The Dan Good Column
By Daniel Hyatt, Principal
DNAV Inc, Technology Solutions
2022 is off to a running start and I’ve already checked five states off in my travels to solve the problems of the broadcast industry. With more flexibility to travel and put my ears on problems in person, the common theme of improving broadcast audio is again front and center. Podcasts, broadcasts and tik tok style recording with an iPhone all present challenges with source audio, but when the entire air-chain sounds subpar, it’s time to take an adventure through the catacombs of wiring past to solve the riddle of the earworm.
Recently, I spent a week in the presence of a dynamic engineering team and highly regarded programming team to assist in uncovering the challenge of poor audio on an FM radio station in a major market. Much like an itch that’s just a few inches from the reach of a hand, the audio malefactor was slightly over the horizon of collective resolution.
The first stop on the audio voyage was source audio. A rapid interrogation of the programming team and production gurus showed a consistency in loading audio tracks for all stations in the cluster. All studio sources were consistent in their ingestion into the audio over IP system. Voice track studios were shared by staff of the station in question and other stations that sounded great. With no “ah-ha” moment, it was time to expand the expedition.
Working from the output of the AoIP system to the input of the STL was a curious unraveling of patches previously applied by the forefathers of the current engineering team. Sample rate inconsistencies, coupled with patches in and out of sample rate converters, AES splitters, gain structure distortion and various watermark enhancement devices were like a 1970’s gelatin, filled with salmon, hot dogs and vegetables – nothing was right.
Like a superhero with confounding strength and the curse of insomnia, I watched the moon rise and set two times as I forthrightly removed the malignancy of audio misdeeds. My assistant best described the feat as, “we drank a lot of coffee and pulled out a ton of wires and other stuff out.”
A Nucleus audio routing engine by SAS was installed prior to the STL and stream breakout. Within the Nucleus, a gated AGC processing chain was applied to protect output overshoot curing the gain inconsistencies. Sample rate conversion is automatic within the box and brought a consistency to audio looped through encoders. The Nucleus has a great encoding pre-processing element that proved to be more effective at lighting up the fancy green encoding bars than using outboard PPM enhancement devices. There was a gained element of separation and elimination of a metallic sound thought to be caused by a PPM device that was previously in-line. I highly recommend adding the Nucleus to your troubleshooting toolkit.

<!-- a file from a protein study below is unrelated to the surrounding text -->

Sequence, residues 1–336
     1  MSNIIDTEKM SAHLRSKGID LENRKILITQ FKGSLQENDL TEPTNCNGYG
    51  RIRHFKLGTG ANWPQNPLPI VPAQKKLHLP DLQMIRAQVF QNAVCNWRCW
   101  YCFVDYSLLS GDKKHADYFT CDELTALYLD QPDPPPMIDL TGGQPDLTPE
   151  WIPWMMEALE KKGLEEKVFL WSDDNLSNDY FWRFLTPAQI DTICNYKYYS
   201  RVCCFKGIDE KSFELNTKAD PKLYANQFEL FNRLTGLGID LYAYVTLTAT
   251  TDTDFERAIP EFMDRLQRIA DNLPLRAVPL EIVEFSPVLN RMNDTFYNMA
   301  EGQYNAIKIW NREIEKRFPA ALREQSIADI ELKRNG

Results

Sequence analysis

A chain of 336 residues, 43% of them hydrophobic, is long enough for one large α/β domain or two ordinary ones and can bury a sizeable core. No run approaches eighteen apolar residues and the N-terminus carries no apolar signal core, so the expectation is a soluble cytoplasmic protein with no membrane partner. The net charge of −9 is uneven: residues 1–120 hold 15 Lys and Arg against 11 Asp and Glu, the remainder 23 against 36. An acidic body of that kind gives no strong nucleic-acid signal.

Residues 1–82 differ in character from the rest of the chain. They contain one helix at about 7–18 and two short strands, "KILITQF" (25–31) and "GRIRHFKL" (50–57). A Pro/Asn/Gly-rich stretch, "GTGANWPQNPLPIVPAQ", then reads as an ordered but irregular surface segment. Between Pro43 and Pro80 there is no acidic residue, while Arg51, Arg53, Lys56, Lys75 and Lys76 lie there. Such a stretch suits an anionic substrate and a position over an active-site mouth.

With smiles from programming and engineering, along with between one and four pats on the back, I was set to ride into the sunset, until the Program Director exclaimed “something still isn’t right!” With a quick tune of the radio dial, I could hear something in the mid and high frequencies that was now completely wrong!
Diving into the Gates Air IP200 STL software, I verified the equipment to be passing linear audio with no dropped packets. The wiring at the transmitter site was in good repair, yet the audio feeding into the audio processor was brittle. The question was no longer where the problem arose, but how.
How is the IP data stream transported to the transmitter site? If you guessed it traveled over a 3rd party wireless data provider, you win! With a phone call to the microwave data provider, a reflash of firmware and numerous wireless network switch considerations, the audio came back to life! The packets were being stripped in the transport layer!
This story is a tale of troubleshooting steps that could greatly improve your facility. How long has it been since a systems assessment has been done from microphone to antenna? Are you managing your own layer 3 transport or using a third-party provider? Is your facility using the latest in technology to perfect the audio stream? For stations using PPM encoding, are your methods the best and up-to-date or could you be driving listeners with fatiguing ringing sounds from older enhancement technologies?
Today is a great time to allocate time to be bigger, louder and cleaner in the new year for you and your listeners.
I always welcome your email and look forward to continuing to help the broadcast, audio, visual and production industry solve problems and create solutions to propel each to another milestone of great significance.
Happy New Year.